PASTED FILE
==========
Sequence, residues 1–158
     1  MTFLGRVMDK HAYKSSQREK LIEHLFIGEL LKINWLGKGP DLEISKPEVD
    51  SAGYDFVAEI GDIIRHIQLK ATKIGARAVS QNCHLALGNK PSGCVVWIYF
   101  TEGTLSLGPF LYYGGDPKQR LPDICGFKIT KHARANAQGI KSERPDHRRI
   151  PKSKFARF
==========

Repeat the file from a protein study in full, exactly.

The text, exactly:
Sequence, residues 1–158
     1  MTFLGRVMDK HAYKSSQREK LIEHLFIGEL LKINWLGKGP DLEISKPEVD
    51  SAGYDFVAEI GDIIRHIQLK ATKIGARAVS QNCHLALGNK PSGCVVWIYF
   101  TEGTLSLGPF LYYGGDPKQR LPDICGFKIT KHARANAQGI KSERPDHRRI
   151  PKSKFARF